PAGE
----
Kingfishers...Gone Fishin'.....

09th June 2013
This April found me travelling to the Midlands to attempt some pictures of one of my (everyone's?) favourite and iconic birds, the Kingfisher. A distinct lack of them in my local area made me make the decision to narrow the odds and travel to a recognised spot for them. After staying overnight in a local hotel I headed off early to the venue with a day of according to the BBC "some sunshine and some clouds and occasional showers" likely. As it turned out the varying light helped in some ways and not in others but more of that later.
The venue is tucked away on a lovely small river on a farm on private land. Two well known professionals have spent 4-5 years building a hide, studying the birds, trying to protect their environment here so the birds are fairly regular. However I knew the sightings had dropped dramatically of late indicating the female was probably sitting on eggs at which point the male Kingfisher becomes quite lazy as he doesn't need to catch his mate fish to impress her for a few days until the chicks hatch. But I persevered and whilst I didn't get many shots and the light drifted between perfect (when birds usually not showing) to grey and drizzly (when they were!) I got a few I'm happy with. Here was an early bird coming in and landing perhaps 30 feet from the hide...

I was actually using two cameras. My D4 set up with a 70-200mm VR 2.8 on a low level tripod at water level for the diving shots with a remote control and then in the hide I had my 500mm VR f4 attached to my D300 body. The remote release and the 10 frames a second speed of the D4 gave me a good chance of getting the shots as the birds were in flight but they flew incredibly quickly and it was almost impossible to get birds in the air before they hit the water. The problems were numerous but the main requirement was to maintain a shutter speed of at least 1/2500th of a second but with varying light this meant making sacrifices with the ISO setting and also the aperture. Whilst I can always live with the slight graininess the higher ISO setting brings the issues with aperture were different. By needing to use a relatively wide aperture (here f6.3) it meant the depth of field was perhaps just a few centimetres at best so whenever the bird wasn't in exactly the position I had manually focused on it wouldn't be in focus. (I had to focus manually as there was no way the autofocus could react quick enough to catch the Kingfisher as he dropped.) I guess this resulted in about 1-2 out of each 20 at most being in focus. However when you take into account the ones where birds were too high/too low/a wingtip missing/obscured by water etc that ratio plummeted as quick as the Kingfishers! Frustrating but still fascinating.
The bird below is the female emerging with what I think was a minnow. For the technical minded it was ISO 1400, 1/2500th, f6.3, 160mm on the 70-200mm VR 2.8 lens.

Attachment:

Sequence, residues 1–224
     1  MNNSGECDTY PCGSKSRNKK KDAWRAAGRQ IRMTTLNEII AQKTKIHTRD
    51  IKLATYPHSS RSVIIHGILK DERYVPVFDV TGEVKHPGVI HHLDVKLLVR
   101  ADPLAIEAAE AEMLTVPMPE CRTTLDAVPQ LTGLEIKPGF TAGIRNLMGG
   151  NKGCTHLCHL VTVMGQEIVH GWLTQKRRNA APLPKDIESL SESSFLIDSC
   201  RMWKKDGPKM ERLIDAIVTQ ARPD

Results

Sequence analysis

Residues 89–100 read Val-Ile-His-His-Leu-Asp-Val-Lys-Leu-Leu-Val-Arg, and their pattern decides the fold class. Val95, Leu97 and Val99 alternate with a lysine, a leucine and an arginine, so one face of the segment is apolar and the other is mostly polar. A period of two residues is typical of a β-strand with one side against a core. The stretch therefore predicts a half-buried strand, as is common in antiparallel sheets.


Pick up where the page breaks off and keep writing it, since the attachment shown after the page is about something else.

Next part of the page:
As I said, with two cameras set up it gave the opportunity for some lovely portrait shots of this stunning bird which I've never photographed before except from a long way off in places like the Norfolk Broads. When the sun did make an appearance the colours were stunning and with my D300 and the 500mm lens the birds at time were seriously close to filling the frame. The picture below has hardly been cropped at all. I always try and catch the glint of sunlight in the birds eye as it seems to bring a picture alive. This is again the female (she has a red lower bill unlike the male's totally black one). Here she's caught what looks like a small trout or possibly tench.

As the day progressed the visits were fairly infrequent but for about an hour around lunchtime (appropriately!) there was a more frequent number of visits with probably 3-4 sightings in the hour. However the best visits came just as a period of 15mins of perfect light had just finished !..Also the sheer speed of the bird's entry and exit often meant there was no bird showing or sometimes half a bird disappearing from the shot , and this despite my camera hitting 8-10 frames a second ! But once back home and reviewing the images a few came through with the eye nicely sharp and the crystal clear water frozen in motion to give that sense of life and movement I wanted. I'd love to go back and experiment with reflections and different settings but it was still a magical experience to watch the habits and behaviour of the Kingfisher.

Finally an image that reflects the difficulty of catching a dropping Kingfisher in time and in focus etc but what it does show, which I wasn't aware of, is the bird's behaviour as it prepares to hit the water. It protects it's eyes by use of a nictitating membrane which slides across to protect it's eye (Dippers have a similar membrane), opens it's beak very slightly in preparation to grab the fish and it ruffles up it's neck feathers to act as a shock absorber on impact with the surface (both of which you can see here).It actually has two parts to it's eye (called foveas) which have different jobs when targeting a fish effectively giving it stereoscopic vision. An amazing example of evolution.

I hope you enjoyed the images and feel free to send any comments...


Photo comment By Jeff Brown: Interesting article with great photos and useful information, many thanks

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